While the ANA was putting the finishing touches on its annual “Word of the Year,” survey consultants at Gartner were busily proofreading one of the firm’s latest reports, both were unveiled this week.
Personalization was voted “Word of the Year” by ANA members, some of whom declared the marketing approach “the holy grail” of brand marketing.
Conversely, Gartner basically declared personalization all but dead and reported that 80% of marketers that have invested in the approach will abandon it by 2025. Lack of ROI and data management woes were cited among the reasons why.
In the marketing business, trends are obsessed over and bright shiny objects are often manufactured to capitalize on them. And sometimes today’s “holy grail’ ends up being tomorrow’s rusty, leaky and basically useless water bucket.
Still, some very smart people at a number of very big marketing and advertising companies have opted to bet billions that personalization is going to be around for a while.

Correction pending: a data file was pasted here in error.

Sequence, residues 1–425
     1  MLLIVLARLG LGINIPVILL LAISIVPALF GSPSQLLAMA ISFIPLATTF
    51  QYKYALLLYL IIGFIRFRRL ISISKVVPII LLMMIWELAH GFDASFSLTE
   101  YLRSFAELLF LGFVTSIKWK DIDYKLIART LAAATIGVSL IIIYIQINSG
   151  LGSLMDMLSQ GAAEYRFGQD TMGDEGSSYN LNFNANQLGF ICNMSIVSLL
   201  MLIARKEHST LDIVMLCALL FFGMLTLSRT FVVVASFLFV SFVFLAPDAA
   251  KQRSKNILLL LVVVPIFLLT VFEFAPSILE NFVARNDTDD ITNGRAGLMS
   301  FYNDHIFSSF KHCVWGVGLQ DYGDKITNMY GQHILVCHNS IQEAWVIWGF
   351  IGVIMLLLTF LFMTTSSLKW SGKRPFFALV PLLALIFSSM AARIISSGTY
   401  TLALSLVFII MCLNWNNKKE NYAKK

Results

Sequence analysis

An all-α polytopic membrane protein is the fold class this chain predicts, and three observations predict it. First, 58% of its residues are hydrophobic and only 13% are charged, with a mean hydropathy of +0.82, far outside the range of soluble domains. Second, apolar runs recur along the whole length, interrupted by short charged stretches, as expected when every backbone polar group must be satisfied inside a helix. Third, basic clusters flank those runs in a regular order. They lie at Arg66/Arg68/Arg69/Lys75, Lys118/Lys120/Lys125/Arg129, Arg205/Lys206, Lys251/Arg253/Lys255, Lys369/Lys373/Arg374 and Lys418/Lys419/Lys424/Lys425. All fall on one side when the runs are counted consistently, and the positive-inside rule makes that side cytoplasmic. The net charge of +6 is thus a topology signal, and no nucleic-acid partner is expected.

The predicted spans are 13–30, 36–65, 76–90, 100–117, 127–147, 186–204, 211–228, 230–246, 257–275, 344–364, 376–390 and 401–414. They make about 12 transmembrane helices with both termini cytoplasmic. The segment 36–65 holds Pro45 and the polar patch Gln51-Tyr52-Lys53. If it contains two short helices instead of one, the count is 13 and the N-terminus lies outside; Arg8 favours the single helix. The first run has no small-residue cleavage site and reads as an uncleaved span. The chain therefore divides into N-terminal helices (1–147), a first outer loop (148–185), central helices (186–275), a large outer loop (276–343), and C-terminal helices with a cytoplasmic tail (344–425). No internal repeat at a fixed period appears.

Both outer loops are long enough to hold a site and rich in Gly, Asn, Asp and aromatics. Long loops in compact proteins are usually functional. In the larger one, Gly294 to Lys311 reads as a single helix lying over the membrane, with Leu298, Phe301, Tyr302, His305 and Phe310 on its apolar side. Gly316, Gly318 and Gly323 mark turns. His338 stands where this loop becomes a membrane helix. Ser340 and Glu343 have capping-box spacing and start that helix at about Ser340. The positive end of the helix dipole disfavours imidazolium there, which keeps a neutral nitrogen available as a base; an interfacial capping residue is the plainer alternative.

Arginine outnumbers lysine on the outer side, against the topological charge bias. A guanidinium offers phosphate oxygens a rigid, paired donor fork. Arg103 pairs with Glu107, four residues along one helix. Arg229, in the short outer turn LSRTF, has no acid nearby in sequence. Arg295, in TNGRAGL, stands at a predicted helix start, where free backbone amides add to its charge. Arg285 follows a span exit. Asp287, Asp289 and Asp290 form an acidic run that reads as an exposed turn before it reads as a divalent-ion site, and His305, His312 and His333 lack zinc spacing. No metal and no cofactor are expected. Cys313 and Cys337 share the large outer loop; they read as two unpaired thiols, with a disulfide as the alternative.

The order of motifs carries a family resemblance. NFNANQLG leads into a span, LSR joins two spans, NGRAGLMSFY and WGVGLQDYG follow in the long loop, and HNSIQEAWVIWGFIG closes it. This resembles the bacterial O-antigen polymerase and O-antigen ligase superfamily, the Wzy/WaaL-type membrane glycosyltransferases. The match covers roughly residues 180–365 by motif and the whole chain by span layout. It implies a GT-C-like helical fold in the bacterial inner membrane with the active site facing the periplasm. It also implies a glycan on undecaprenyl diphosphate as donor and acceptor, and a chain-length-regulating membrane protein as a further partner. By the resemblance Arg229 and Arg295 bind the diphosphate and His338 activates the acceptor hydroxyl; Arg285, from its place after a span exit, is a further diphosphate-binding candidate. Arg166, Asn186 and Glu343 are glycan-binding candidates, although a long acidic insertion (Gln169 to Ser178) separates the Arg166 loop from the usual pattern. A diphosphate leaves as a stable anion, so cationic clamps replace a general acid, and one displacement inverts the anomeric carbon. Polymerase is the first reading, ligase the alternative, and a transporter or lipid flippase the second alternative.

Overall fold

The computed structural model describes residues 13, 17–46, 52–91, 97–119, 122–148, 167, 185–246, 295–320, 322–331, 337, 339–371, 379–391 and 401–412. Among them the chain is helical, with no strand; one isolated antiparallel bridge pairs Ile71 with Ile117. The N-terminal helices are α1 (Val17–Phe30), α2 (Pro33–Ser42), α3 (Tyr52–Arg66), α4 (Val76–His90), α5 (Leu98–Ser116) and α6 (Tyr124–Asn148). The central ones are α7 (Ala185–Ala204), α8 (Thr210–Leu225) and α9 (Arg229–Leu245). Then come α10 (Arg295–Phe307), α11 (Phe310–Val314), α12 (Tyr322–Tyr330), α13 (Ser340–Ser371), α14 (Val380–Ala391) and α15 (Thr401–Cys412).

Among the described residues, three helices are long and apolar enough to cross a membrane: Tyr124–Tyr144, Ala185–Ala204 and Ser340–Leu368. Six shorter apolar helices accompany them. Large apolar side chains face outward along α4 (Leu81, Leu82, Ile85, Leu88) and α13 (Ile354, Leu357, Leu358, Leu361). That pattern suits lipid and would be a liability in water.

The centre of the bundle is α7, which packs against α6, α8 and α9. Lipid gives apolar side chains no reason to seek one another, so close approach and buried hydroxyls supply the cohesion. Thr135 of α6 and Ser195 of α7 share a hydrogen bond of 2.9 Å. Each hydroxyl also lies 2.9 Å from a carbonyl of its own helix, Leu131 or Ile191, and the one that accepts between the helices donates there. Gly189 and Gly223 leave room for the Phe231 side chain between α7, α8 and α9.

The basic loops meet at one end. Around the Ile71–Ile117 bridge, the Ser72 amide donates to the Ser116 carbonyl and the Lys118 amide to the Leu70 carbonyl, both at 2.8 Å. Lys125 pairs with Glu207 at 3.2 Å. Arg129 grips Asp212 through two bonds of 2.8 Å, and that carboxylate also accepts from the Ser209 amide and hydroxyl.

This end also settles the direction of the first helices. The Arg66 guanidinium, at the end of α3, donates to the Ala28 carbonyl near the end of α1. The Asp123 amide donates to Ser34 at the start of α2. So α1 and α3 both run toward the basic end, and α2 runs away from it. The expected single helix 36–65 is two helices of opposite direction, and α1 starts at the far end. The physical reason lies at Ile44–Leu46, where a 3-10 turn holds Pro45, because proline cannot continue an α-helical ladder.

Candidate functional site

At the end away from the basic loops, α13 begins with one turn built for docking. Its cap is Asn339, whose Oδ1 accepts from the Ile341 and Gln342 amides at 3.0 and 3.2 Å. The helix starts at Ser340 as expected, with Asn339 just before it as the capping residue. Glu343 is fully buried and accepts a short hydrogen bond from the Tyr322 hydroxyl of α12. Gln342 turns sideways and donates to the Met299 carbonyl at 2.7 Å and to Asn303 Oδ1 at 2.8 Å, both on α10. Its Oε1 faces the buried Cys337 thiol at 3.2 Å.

Among them, Publicis Groupe, which earlier this year bought Epsilon, and Interpublic which last year bought Acxiom. The idea being that parsing through and making sense of oodles of purchasing and other behavioral data is key to successful personalized marketing.
If personalization goes south as fast as Gartner predicts, executives at those firms, and others, are going to have some explaining to do to investors. If it comes to that, I’m sure they’ll think of something.
I doubt that it will. Holy grail? Who knows. Important part of the mix? I don’t think there’s any question. To the extent consumers want conversations with, or pitches from, brands — which is open to debate — they want those conversations and pitches to be informed and relevant.
I don’t know how that happens without a personalized approach.